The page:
Misunderstood in the Midwest: We're Not All Cowboys

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Published on June 27, 2018

M

ost barns in the equestrian hub of Wellington, Fla. look out over beautifully manicured grounds, canals, or the Palm Beach International Equestrian Center. Many barns in California are tucked into beautiful valleys and shadowed by palm trees. My barn in central Indiana overlooks a cornfield.

Now, don’t get me wrong - my barn is absolutely lovely and there are a number of other hunter/jumper show barns nearby. Still, with no rated shows in Indiana, and an overwhelming population of western and pleasure riders, it’s easy to feel misunderstood by my fellow midwesterners - as most are unfamiliar with the ins and outs of our show circuit - and overlooked by many involved in the hunter and show jumping disciplines.

To other circuit riders, it’s easy to forget that anything even happens in middle America, given that our states are usually flown over on the way to somewhere more exciting—and to somewhere with more horse shows. To other ‘Hoosiers’,  people who own saddles without horns and ride their horses in weird, tight khakis instead of jeans are a minority.

"Many barns in California are tucked into beautiful valleys and shadowed by palm trees. My barn in central Indiana overlooks a cornfield."

During a recent trip to Tractor Supply Co. (yes, that’s where I shop for most of my basic barn supplies), I asked an employee if they carried warmblood-sized fly masks. She looked at me and said, “You mean, like Arabians?” Well, not quite. When I tell fellow Midwesterners - who typically assume that all horse people in the area run barrels or wear cowboy hats - that my horses came from Europe, their eyes widen.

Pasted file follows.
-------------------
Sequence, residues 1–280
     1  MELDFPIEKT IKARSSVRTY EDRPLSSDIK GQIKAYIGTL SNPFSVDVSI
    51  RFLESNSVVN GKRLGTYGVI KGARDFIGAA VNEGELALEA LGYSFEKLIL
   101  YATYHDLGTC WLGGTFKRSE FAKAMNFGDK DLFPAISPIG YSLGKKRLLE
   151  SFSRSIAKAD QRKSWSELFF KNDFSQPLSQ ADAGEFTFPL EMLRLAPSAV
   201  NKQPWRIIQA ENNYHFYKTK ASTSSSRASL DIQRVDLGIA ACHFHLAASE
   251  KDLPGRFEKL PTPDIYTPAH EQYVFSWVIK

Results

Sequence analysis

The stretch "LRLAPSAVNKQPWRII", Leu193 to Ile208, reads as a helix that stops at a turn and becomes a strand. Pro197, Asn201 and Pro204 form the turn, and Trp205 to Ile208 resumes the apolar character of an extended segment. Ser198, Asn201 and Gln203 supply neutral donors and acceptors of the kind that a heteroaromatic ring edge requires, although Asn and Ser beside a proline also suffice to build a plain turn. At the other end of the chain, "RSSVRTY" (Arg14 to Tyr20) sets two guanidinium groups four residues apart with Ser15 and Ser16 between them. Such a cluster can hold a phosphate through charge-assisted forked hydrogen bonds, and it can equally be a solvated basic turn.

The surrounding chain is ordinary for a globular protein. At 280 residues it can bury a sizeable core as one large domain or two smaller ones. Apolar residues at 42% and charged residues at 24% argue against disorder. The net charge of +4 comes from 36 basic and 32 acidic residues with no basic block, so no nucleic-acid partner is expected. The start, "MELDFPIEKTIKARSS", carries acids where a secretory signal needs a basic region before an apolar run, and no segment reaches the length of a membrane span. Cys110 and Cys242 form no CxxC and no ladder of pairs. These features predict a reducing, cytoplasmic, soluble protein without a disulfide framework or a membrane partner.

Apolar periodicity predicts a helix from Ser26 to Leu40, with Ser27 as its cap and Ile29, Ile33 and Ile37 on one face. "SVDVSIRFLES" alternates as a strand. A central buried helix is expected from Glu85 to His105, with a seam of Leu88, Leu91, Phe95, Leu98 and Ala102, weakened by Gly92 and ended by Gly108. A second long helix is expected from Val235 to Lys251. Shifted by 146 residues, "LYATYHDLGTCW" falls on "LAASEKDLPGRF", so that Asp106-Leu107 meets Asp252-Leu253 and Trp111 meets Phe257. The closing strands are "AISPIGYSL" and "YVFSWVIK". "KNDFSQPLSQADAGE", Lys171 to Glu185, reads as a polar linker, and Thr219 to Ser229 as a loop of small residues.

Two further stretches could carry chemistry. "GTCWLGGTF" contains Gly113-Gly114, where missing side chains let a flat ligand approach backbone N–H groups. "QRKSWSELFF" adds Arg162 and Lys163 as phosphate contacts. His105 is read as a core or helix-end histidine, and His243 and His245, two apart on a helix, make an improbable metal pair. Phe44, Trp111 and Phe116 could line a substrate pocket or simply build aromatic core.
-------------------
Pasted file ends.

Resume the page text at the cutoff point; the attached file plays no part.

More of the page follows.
Though the landscape can accurately be described as ‘flat as far as the eye can see’ and doesn’t draw many visitors for the sightseeing, the Midwest happens to be home to several show facilities that are becoming increasingly popular - the World Equestrian Center in Ohio, the Great Lakes Equestrian Festival in Michigan, Balmoral Park in Illinois, and of course, the Kentucky Horse Park in Lexington.

Related: Why I Chose to Quit Riding Professionally to Pursue My University Degree

We have great trainers and some of the best equine veterinary professionals in the country, like the doctors at Purdue University, Rood & Riddle, and Hagyard. Our hospitality is second-to-none, and although some of our horse shows take place in small towns, we know how to make people feel welcome.

There is more to the equestrian lifestyle than showing, and there is something to be said about keeping horses out in the country amongst corn and soybean fields. The road to my barn is narrow and I drive so far out in the middle of nowhere that I sometimes feel like I’m a modern version of Lewis and Clark, but, my horses benefit from the peace and quiet. In the Midwest, the stress is low and the grass is green.

While we may not be on the top of most people’s travel list, we know what’s here, and so do our horses.

Written by Kate Kosnoff

Kate Kosnoff is an equestrian journalist, blogger and photographer. When she isn’t working, Kate can usually be found sipping green tea, scrolling through Twitter, or petting her horses—sometimes a combination of the three. She is based in Indiana and can often be spotted in jumper rings across the Midwest and Florida aboard her strawberry roan, Waffle.